LMNT Review

L-Methionine is a nonessential amino acid that the body produces on its own. It’s found in most protein-rich foods, such as beef and eggs. This supplement has antioxidant properties and can help slow down signs of aging by reducing inflammation within your cells.

The “lmnt reviews reddit” is a review of the supplement company. The reviewer has given it a 4 out of 5 stars, which is good enough to be recommended.

LMNT is an electrolyte drink combination that promises to offer everything you need and nothing you don’t. We recently gave a negative review to a more popular drink combination called Liquid IV, so we’re curious to see how this product compares in terms of health and nutrition.

We’ll look at the formulation of LMNT to see whether it’s healthful, go over some of their health claims, and compare LMNT to Liquid IV in this post.

We have no ties to LMNT or Liquid IV, and we don’t profit from advertising either product, so this review is completely objective and based only on research.

Review of the Formulation

LMNT electrolyte list

For all of their products, LMNT uses the same core electrolyte formulation: 1000 milligrams sodium, 200 milligrams potassium, and 60 milligrams magnesium

The “raw unflavored” product contains no natural flavorings or stevia and is the same as the others.

Overall, we think this is a good recipe, since medical research shows that electrolyte drinks may help athletes perform better.

Because electrolyte requirements vary depending on workout and dehydration, there is no medically validated ideal electrolyte ratio. A triathlete will need substantially more electrolytes than a runner who is just running two miles (who would probably need none at all).

Consumers should adapt their electrolyte intake to their unique exercise regimen and demands, preferably with the assistance of a specialist. Most individuals don’t require electrolyte mixes during exercises, but those who participate in high-intensity sports (like desert running) and lose a lot of fluid may benefit.

We like that there is no added sugar in this product, and we only suggest the raw unflavored LMNT powder since we don’t endorse goods with “natural tastes.”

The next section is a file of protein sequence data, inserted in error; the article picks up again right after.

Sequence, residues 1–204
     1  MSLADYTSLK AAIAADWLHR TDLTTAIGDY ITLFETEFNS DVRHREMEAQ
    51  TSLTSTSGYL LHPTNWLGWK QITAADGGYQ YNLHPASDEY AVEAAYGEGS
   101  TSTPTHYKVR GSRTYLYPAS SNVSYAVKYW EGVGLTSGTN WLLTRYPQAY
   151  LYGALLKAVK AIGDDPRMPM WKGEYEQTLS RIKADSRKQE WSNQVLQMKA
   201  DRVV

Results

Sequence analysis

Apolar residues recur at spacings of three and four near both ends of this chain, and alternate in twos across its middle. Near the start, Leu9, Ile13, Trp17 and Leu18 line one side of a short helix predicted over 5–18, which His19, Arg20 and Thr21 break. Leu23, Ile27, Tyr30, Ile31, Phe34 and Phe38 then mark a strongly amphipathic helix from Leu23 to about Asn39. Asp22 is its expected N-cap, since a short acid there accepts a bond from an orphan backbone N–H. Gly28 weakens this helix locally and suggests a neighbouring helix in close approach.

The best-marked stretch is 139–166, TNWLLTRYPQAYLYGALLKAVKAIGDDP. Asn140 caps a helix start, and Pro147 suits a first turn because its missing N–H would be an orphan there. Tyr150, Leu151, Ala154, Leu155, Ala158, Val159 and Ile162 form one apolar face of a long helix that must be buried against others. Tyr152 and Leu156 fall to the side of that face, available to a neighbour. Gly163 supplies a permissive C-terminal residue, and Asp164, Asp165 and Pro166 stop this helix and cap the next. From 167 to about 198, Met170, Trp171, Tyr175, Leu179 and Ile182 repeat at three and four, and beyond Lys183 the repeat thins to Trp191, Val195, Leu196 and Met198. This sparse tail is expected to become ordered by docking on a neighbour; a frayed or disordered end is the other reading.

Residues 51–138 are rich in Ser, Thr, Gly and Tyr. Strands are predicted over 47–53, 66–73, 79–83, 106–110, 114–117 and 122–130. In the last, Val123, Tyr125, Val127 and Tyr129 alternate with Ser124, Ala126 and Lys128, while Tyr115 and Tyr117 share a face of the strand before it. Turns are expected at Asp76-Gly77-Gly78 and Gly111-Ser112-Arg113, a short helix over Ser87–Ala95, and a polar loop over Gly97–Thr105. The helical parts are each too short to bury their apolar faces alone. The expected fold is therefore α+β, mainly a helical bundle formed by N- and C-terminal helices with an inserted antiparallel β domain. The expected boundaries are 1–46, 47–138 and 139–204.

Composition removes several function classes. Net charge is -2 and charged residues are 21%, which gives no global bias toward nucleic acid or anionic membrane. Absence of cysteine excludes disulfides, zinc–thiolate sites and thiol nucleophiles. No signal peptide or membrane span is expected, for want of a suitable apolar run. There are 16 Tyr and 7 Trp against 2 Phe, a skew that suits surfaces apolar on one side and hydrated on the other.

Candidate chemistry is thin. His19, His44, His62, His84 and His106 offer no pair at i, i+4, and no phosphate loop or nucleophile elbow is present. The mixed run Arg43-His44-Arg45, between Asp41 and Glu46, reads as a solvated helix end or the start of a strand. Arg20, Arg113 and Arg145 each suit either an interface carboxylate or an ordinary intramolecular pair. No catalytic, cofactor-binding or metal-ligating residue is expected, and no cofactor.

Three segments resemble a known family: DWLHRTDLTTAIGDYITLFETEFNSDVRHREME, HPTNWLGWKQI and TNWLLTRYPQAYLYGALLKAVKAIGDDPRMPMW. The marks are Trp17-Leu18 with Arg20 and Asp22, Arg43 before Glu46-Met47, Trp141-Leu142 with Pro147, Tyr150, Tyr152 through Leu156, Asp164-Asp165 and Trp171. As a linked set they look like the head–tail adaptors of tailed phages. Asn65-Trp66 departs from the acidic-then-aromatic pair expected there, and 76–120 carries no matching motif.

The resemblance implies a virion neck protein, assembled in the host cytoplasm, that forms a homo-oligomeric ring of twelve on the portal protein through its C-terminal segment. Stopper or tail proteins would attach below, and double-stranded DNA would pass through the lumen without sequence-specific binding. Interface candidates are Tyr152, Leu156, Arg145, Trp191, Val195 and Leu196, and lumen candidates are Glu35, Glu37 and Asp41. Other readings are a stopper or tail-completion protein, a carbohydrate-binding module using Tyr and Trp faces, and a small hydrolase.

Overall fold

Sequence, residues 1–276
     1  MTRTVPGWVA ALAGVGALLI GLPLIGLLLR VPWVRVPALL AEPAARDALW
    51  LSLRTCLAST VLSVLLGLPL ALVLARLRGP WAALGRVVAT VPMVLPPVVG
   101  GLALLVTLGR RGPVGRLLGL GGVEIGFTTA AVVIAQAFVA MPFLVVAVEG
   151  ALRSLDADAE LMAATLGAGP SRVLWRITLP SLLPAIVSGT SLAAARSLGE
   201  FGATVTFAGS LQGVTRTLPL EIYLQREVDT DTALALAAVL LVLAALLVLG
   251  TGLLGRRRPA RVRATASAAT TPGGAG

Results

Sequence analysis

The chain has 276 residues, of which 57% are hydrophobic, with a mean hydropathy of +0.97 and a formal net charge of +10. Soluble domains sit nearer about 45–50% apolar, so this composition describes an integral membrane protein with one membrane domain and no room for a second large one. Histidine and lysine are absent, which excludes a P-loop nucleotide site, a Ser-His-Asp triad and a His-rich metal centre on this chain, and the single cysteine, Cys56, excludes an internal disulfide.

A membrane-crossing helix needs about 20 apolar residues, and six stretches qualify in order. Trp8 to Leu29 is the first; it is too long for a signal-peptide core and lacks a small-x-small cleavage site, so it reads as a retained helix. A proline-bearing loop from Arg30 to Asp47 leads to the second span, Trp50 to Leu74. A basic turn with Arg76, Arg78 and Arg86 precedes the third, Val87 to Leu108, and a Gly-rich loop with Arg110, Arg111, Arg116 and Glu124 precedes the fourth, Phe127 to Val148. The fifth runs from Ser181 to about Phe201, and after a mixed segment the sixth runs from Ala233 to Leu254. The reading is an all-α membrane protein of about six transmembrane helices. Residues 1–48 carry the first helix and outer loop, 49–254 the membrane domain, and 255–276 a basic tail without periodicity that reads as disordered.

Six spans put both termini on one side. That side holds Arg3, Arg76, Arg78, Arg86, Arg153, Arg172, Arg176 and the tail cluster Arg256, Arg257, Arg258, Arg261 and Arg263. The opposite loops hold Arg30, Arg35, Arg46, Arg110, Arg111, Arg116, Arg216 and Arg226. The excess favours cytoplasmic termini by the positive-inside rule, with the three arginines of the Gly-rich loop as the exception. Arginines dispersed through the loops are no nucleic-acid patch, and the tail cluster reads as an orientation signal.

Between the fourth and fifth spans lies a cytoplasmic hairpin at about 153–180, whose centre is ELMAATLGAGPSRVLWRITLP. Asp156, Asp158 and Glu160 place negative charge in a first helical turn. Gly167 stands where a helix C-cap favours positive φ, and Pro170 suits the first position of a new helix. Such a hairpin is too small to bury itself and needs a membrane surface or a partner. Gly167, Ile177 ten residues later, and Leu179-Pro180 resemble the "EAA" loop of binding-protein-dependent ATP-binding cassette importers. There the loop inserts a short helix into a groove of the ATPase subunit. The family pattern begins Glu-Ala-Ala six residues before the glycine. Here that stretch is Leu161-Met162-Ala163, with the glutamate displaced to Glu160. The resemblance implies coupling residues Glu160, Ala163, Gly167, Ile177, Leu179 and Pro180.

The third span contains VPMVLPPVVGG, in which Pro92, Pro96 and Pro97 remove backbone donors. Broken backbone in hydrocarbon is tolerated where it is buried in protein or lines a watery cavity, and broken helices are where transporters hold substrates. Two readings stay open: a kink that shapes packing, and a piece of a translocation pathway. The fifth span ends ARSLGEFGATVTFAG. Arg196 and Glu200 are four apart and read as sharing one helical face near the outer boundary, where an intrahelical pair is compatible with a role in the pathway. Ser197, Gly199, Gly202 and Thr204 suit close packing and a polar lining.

The phrase “natural flavors” is unregulated, and any chemical might be included, as we’ve discussed in previous evaluations. Some may be hazardous, while others may be harmless. We prefer that manufacturers include the flavoring chemicals they employed on the ingredients label so that customers (and researchers like us) can assess whether they are safe.

Health Claims That Aren’t True

LMNT health claims

On their product sites, LMNT states that their drink mixes include electrolytes in the “ideal ratio.” We’ll presume this assertion is untrue since they give no evidence or source for it.

We haven’t found any medical study that suggests an appropriate electrolyte ratio or amount, since, as previously said, it is dependent on the person and their training.

An Olympic athlete who trains for 6 hours a day has different electrolyte requirements than someone who exercises for 30 minutes after work on an elliptical machine.

On their website, LMNT also has a “Science” section where they make some dubious claims concerning salt consumption. The corporation contends that decreased salt consumption is damaging to human health based on population-level medical research.

While we agree that the WHO’s relatively modest salt consumption guidelines raise some concerns, there is still extensive medical literature linking excessive salt intake to poor cardiovascular outcomes.

We don’t have a salt consumption advice and feel people should talk to their doctors about it, but we do want to emphasize that medical research on optimum salt intake is still in its early stages, and there isn’t a clear answer as LMNT suggests.

In population studies like the one LMNT mentions, there are often concerns with confounding correlation with causation. People who eat a low-sodium diet are more prone to have cardiovascular problems. If this group has worse health results, it’s not because of the salt restriction, but because they’re a self-selected bunch of sick individuals. Healthy individuals do not follow sodium-restricted diets.

Overall, we feel LMNT makes certain weakly supported health claims for which they are not credentialed or qualified. Instead of delivering unorthodox diet advice, they should concentrate on selling a basic electrolyte supplement.

Liquid IV vs. LMNT

We prefer LMNT over Liquid IV because of its superior formulation. LMNT is made entirely of electrolytes, has no added sugar, and comes in a flavorless variant for health-conscious customers.

Outside of the context of extreme endurance sports, which the great majority of athletes do not engage in, Liquid IV includes a considerable quantity of added sugar, which we feel is detrimental. Natural flavors are also included in all of Liquid IV’s formulas.

We disagree with both Liquid IV and LMNT’s health claims, but at least LMNT’s claims are primarily based on medical research, but Liquid IV’s claim of “multiplying your hydration” is egregiously wrong, as we noted in our review.

The “lmnt electrolytes where to buy” is a supplement that helps with hydration and rehydration. It also helps with muscle cramps, leg cramps, and headaches.

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